rpmorphan vs. zypper pa -n

I thought that both commands would list packages once installed as dependencies but currently not required by any packages. They give me different outputs however. What’s the exact definition of zypper’s “unneeded” packages anyway? Its manpage uses the term at several places but it doesn’t actually explain what it really is. So what’s the difference? Thanks.

I tried to understand the zypper man page and I tried

boven:~ # zypper pa -n
Unknown option '-n'
boven:~ #

So I have some questions about what you are doing, what you expected to happen and what happened (at least the last is clear from my case).

BTW this is from openSUSE 12.2, but as you did not tell what version of openSUSE you use, I just took one.

Whoops, I’ve upgraded to the latest 13.1 recently, sorry. It didn’t strike me there would be improvements in zypper, it always seemed to me as a never-changing component in the OS.

Anyway I wanted to clear my system from the unnecessary ballast after upgrade.
Next, some time back when I were occasionally removing packages I wouldn’t use the “-u” option nor having set “solver.cleandepsOnRemove = true” in zypp.conf so the dependencies were still staying in the system after removal of the packages which required them in the first place.
Next, when Installing a fresh new openSUSE few releases back the “solver.onlyRequires” was set to “false” so plenty of another recommended ballast was automatically installed and were being installed with target packages I was installing until I decided to have zypper install only required packages without the recommended ones.
And finally, In Arch I always use “pacman -R[csn] $(pacman -Qqtd)” command to remove “orphans” because there’s often changes in dependency relations among packages after the rolling updates and I like my system being nice and tidy.

I’ve already removed most of the packages in the both commands’ outputs but there’s still some distinction visible so this is what zypper gives me right now:

> LANG=en_US zypper pa -n
Loading repository data...
Reading installed packages...
 S | Repository        | Name                          | Version          | Arch  
i | Fonts             | adobe-sourcesanspro-fonts     | 1.050-14.10      | noarch
v | openSUSE-13.1-Oss | adobe-sourcesanspro-fonts     | 1.050-3.1.2      | noarch
i | Fonts             | cyreal-lobster-cyrillic-fonts | 1.4-7.9          | noarch
v | openSUSE-13.1-Oss | cyreal-lobster-cyrillic-fonts | 1.4-4.1.2        | noarch
i | Fonts             | lomt-junction-fonts           | 0.20121218-6.9   | noarch
v | openSUSE-13.1-Oss | lomt-junction-fonts           | 0.20121218-2.1.2 | noarch
i | Fonts             | lomt-script1-fonts            | 0.20121218-6.9   | noarch
v | openSUSE-13.1-Oss | lomt-script1-fonts            | 0.20121218-2.1.2 | noarch
i | openSUSE-13.1-Oss | xkeyboard-config-lang         | 2.9-6.1.3        | noarch

Whereas this is what rpmorphan gives me at the same time:

> rpmorphan

It is allways of value to mention which version of openSUSE. It will make it easier for others (your potential helpers) to use their own systems in trying to replay/check what you post. It will show othersthat you are willing to provide the maximum of information you have so helping can be done in the most efficient way. And the result will be that the first answers will not contain: which version, which DE??? but more to the point facts/answers/questions. Time is limited, even for volunteer helpers.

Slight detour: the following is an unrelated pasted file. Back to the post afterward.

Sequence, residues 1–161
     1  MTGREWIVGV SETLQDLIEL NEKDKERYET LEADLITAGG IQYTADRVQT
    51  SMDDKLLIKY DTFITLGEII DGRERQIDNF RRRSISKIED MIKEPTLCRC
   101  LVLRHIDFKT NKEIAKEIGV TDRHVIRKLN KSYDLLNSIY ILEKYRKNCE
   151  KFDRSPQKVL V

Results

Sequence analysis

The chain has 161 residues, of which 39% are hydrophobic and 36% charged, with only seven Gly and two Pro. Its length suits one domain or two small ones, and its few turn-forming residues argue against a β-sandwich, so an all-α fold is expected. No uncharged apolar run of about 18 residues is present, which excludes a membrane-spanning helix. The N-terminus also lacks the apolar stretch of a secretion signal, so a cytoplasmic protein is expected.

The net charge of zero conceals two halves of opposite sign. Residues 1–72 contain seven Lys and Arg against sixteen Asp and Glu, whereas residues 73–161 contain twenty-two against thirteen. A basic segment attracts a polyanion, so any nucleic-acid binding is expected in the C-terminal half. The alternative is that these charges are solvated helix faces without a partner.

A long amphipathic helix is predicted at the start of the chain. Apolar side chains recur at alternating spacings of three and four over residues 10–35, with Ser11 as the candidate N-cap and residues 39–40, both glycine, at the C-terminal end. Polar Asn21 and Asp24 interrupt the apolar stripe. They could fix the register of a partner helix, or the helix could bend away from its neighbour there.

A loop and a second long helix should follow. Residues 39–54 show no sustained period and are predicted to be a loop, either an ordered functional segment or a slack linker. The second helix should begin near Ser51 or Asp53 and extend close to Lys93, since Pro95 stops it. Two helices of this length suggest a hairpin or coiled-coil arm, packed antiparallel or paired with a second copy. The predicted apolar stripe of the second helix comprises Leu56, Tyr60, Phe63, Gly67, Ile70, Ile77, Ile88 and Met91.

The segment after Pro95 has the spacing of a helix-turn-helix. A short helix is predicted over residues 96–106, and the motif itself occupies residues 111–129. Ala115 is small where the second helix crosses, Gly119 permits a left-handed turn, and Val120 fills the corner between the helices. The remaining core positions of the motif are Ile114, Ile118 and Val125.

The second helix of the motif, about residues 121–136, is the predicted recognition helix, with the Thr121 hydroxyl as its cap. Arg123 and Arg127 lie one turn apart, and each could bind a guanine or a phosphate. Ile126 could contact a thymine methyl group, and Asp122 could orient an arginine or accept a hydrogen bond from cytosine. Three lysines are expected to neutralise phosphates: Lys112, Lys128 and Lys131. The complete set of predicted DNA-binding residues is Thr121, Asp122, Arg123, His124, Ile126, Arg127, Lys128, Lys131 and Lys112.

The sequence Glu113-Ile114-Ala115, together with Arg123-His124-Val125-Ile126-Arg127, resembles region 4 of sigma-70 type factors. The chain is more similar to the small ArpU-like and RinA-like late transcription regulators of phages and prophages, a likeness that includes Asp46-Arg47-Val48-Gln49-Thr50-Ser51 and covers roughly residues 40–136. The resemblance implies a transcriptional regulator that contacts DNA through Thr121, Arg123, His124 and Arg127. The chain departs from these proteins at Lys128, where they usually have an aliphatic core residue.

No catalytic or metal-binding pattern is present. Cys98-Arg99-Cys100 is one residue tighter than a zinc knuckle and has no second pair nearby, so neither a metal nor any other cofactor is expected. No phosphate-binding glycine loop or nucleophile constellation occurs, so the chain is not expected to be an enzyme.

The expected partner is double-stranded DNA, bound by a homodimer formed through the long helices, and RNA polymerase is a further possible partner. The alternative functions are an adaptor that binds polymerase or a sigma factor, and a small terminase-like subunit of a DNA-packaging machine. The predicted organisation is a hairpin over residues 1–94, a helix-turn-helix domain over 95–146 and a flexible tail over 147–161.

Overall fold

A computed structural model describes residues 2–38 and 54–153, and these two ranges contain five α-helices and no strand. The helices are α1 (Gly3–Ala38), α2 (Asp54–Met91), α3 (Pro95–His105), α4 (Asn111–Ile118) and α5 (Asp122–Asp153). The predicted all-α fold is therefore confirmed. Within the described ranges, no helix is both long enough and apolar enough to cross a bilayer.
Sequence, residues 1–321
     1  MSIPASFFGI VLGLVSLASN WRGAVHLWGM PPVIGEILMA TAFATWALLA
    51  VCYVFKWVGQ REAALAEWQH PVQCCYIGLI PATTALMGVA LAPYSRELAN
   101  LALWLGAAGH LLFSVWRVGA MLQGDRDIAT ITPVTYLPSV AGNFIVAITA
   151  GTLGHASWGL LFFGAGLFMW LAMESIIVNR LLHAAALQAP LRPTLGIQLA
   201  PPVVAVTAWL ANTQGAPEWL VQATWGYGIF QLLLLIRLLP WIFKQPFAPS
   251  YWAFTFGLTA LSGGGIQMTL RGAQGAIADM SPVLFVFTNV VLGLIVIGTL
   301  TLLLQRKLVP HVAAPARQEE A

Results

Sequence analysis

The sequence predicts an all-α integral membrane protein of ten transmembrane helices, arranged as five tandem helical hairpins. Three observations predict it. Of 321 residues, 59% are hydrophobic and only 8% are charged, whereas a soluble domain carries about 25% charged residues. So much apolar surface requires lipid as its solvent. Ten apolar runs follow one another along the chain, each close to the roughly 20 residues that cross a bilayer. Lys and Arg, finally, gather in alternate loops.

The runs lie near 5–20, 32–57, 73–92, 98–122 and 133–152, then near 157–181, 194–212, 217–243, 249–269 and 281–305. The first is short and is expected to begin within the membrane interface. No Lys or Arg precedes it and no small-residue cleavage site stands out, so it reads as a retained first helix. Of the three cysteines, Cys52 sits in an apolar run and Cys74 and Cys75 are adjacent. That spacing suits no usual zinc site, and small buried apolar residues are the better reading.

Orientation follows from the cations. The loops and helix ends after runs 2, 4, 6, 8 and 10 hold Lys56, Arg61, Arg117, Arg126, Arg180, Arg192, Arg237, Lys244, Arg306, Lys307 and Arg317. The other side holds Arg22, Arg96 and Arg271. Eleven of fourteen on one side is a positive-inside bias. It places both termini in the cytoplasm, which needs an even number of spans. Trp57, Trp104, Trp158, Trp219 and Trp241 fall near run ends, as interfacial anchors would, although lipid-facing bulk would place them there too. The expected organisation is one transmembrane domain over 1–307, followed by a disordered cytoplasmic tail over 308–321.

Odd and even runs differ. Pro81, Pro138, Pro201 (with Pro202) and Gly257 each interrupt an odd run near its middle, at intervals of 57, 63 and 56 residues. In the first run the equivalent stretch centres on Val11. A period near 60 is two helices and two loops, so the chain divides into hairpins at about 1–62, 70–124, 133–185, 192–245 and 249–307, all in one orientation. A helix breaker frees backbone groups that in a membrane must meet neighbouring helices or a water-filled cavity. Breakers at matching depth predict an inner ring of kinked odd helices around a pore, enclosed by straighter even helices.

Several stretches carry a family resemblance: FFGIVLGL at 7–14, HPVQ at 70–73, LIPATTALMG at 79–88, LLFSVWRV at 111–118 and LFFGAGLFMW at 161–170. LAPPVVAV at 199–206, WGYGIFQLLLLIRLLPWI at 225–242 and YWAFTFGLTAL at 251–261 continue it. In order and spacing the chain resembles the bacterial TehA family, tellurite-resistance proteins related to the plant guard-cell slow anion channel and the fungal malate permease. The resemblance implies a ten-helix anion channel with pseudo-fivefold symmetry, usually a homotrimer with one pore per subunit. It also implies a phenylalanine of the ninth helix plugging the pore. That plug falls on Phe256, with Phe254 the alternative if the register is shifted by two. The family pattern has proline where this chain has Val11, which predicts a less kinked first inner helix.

I checked with a 13.1 system. Indeed that -n option is there. But I also can not interprete what “unneeded” means. Unneeded for what? No idea.

BTW, I can understand that a tool can find what packages are installed and are not required by any other installed package. I am a bit less sure about the ability to know if a package not required by another package ever was required somewher back in the mist of history. Is that something that is realy taken note of in some installation history database? And how sure can we be that that database never was corrupted/repaired and/or lost and recreated during the whole history of the installations on a system?

I allways look with distrust to such lists. In the end you could remove Firefox because it is not required by any other package (but it is required by me!).

Oh, and about your list with amongst others libreoff packages, I would use YaST > Software > Software Managemnt and Search for libreoffice to see where these packages came from (repo) and if there are alternatives installed, etc.

…you could remove Firefox…

Yes, that is a concern for sure but that’s why I haven’t removed those LibreOffice packages, fonts, and others shown in the output. The user should always review what to remove in this kind of automated operations.
LibreOffice packages are from the Index of /repositories/LibreOffice:/Stable/openSUSE_13.1 repository, there are alternative version in the official OSS and UPDATE repositories of course but how does it help?

Not the user, the system manager :wink:

You decide which version you want to have on the system. The other one can then be removed imho.

BTW not many people take the trouble to recover a few MB by going deep into this. When you want to to remove old and unneeded stuff, a new install (e.g. when going to a new openSUSE version, instead of doing an upgrade/update of some kind) after a few years might be effective enough without much thinking. and checking.

The other one can then be removed imho

I have only one version of LibreOffice installed - when updating from other repositories, the older packages’ files will be overwritten plus i have set a bit higher priority for the community LibreOffice repo so they won’t be overwritten again by the version from the OSS/Update repo.

Not the user, the system manager

But the managers are ordinary people too! …I mean users.

not many people take the trouble…